The Fear Index and Frankenstein Finance
From the Series: Finance
The central character in Robert Harris’ 2011 novel The Fear Index is Dr. Alexander Hoffman, a Lake Geneva based physicist who has turned his hand to the hedge fund business with very lucrative effect. Having originally traveled to Switzerland from his native America to work on the Large Hadron Collider project at CERN, the socially inept Hoffman has been lured from science and into the world of high finance by the opportunity to pursue his obsessive passion for artificial intelligence. For Hoffman, his own wealth and notoriety is the unwanted side-show to VIXAL-4, the fourth iteration of his “machine-learning algorithm” which makes automatic trades on global financial instruments by analyzing massive flows of information including market data, media news stories and, as it transpires, terrorist websites.
The Fear Index provides some sharp commentary on various developments in our contemporary financialized times. Hoffman is, after all, a partner in a hedge fund, and not a commercial bank or even a testosterone-fuelled Wall Street investment firm. Gordon Gecko he is not. That role is ably performed by his partner, City of London exile Hugo Quarry, who measures his slice of the successes of VIXAL-4 in terms of the components that it will add to his under-order luxury yacht. Furthermore, the VIXAL-4 platform is something of an extension of the practices of high-frequency trading (HFT), where proprietary algorithms constantly churn out, send and cancel orders for this or that asset. According to an article in The Economist magazine’s recent Special Report on Financial Innovation, algorithmic trading now accounts for roughly 65% of total trading in equities markets, 45% in futures, and 30% in options. And its share is projected to continue to grow significantly. As they put it, “People have gone from trading in open-outcry pits to trading via screens to programming algorithms”.
Moreover, the title of Harris’ novel is itself the colloquial name given to the Chicago Board of Exchange’s Volatility Index, or VIX. Little noticed in the financial media over its first fifteen years or so, the VIX came to the fore during the intense months of crisis in autumn 2008 as a kind of ticker for collapsing market confidence. What the VIX tracks, in short, is the price of option contracts that give the holder a right but not an obligation to buy S&P500 index stocks at a set price over a future period. As Hoffman describes the VIX to a group of prospective investors in VIXAL-4: “If you want the math, it’s calculated as the square root of the par variance swap rate for a thirty-day term, quoted as an annualized variance. If you don’t want the math, let’s just say that what it does is show the implied volatility of the market for the coming month. … The higher the index, the greater the uncertainty in the market”.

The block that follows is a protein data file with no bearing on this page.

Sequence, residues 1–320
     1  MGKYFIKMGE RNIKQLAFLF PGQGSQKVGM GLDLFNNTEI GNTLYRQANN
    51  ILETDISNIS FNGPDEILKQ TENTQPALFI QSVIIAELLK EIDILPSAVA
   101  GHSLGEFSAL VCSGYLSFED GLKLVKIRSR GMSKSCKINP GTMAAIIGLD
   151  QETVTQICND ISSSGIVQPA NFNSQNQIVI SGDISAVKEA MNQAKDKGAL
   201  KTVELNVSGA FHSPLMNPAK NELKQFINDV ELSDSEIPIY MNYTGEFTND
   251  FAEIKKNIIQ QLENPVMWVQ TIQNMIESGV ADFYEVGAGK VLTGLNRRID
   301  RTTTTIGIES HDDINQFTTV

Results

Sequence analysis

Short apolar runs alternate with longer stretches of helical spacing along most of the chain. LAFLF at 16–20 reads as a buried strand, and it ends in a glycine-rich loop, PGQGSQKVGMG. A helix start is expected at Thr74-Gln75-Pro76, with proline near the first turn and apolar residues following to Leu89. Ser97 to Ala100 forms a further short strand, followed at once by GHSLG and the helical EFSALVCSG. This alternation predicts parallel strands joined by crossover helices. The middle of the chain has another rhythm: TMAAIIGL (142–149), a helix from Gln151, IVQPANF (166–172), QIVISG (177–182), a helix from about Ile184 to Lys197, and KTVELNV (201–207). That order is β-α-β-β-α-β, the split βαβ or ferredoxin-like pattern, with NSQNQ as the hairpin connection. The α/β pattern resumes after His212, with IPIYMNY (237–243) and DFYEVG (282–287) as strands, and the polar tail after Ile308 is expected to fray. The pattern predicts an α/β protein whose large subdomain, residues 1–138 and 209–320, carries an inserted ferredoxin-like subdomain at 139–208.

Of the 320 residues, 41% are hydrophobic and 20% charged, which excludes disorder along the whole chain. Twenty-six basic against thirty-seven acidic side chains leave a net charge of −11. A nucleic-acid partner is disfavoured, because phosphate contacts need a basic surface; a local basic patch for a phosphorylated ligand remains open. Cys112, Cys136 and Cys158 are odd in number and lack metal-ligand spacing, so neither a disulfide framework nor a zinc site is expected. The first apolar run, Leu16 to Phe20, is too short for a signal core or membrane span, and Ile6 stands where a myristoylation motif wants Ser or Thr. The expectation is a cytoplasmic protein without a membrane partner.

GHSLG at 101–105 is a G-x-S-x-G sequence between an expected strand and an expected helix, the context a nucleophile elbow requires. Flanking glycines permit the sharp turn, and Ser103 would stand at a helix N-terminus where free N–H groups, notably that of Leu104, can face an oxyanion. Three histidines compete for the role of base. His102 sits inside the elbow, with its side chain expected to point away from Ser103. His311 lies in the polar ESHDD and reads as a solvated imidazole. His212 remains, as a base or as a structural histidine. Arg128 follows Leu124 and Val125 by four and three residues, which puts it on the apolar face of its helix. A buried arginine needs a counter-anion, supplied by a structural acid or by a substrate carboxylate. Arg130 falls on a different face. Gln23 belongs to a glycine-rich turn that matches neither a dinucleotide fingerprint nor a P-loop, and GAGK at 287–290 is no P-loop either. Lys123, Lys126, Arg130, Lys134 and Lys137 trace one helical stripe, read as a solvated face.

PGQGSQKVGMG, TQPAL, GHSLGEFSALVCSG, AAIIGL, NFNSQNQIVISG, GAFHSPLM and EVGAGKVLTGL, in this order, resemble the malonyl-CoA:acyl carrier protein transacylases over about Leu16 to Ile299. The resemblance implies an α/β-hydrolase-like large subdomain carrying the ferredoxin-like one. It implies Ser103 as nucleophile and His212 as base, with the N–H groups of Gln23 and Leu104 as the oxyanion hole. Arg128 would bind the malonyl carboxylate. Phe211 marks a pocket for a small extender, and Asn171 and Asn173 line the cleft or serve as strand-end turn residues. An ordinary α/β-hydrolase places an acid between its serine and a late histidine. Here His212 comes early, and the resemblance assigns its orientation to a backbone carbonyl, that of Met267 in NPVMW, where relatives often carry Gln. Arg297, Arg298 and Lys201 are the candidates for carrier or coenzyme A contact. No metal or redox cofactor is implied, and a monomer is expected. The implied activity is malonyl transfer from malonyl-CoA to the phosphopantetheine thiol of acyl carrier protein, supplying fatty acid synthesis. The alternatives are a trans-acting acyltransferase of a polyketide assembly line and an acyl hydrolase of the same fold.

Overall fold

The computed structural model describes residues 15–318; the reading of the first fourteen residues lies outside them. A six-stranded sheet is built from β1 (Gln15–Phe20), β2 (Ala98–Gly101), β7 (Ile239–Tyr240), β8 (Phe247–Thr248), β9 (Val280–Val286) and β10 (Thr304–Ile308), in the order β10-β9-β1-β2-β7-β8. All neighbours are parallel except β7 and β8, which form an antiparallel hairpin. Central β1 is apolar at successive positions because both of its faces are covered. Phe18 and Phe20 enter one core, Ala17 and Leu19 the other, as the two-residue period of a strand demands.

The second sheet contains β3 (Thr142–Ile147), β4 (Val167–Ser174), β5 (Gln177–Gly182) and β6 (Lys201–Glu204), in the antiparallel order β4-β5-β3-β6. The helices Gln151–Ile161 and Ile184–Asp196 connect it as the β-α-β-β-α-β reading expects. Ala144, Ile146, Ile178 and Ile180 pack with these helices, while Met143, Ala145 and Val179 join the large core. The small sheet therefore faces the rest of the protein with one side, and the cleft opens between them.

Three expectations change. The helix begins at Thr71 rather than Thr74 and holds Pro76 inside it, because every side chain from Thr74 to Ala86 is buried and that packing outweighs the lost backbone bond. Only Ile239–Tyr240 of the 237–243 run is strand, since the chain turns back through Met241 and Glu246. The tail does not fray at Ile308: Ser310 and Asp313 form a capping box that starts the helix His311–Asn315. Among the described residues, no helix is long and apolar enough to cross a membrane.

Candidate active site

It is, however, the difference between the VIX and VIXAL-4 that is crucial to the dark and dystopian vision of present and near-future finance that The Fear Index ultimately presents, what we might call Frankenstein finance. While the VIX is based on calls and puts for options on S&P 500 stocks, VIXAL-4 seeks to isolate and profit from the behavioural effect of fear and the anomalies it creates in asset prices. In Hoffman’s words, again to prospective investors: “One thing we’ve been able to do … is correlate recent market fluctuations with the frequency rate of fear-related words in the media … we live in a world not of real things but of opinion and fantasy. The rise in market volatility … is a function of digitalization, which is exaggerating human mood swings by the unprecedented dissemination of information via the internet”. And, crucially, VIXAL-4 is an example of what the aforementioned article in The Economist terms “the next stage … self-learning systems, in which sentient algorithms mine the capital markets, spotting correlations that are too complex for humans to see”. It is thus Hoffman’s struggle with fear - both his own anxiety and panic, and that anticipated and preempted by a VIXAL-4 which has escaped the control of its own creator – that culminates in his violent and desperate attempts to shut down the machine as the book reaches its climax.
That today’s financial markets are monstrous is beyond doubt. But, on reading The Fear Index and the insights it holds on hedge funds and HFT, I was struck by the disempowering consequences of thinking in terms of Frankenstein finance and of beginning, as the book does, with Mary Shelley. A more positive re-politicization of finance remains possible. In this respect, what anthropologists and like-minded social scientists have begun to contribute to the public understanding of the materiality of high finance in recent times - the technicality, physicality and corporeality of its assemblages - is precisely an awareness of its contingency and fragility. And, this careful analytical puncturing of the fictions and abstractions of apparently automatic and all-embracing financial circulations serves to open up political space for disagreement and dissent. Finance needs an anthropology, then, but one that is prepared to be more confident about the political implications of its own analyses and which does not collapse back into the despair, hopelessness and yearning for a simpler humanity which engulfs Hoffman in the face of VIXAL-4.
Paul Langley is author of The Everyday Life of Global Finance: Saving and Borrowing in Anglo-America (OUP, 2008).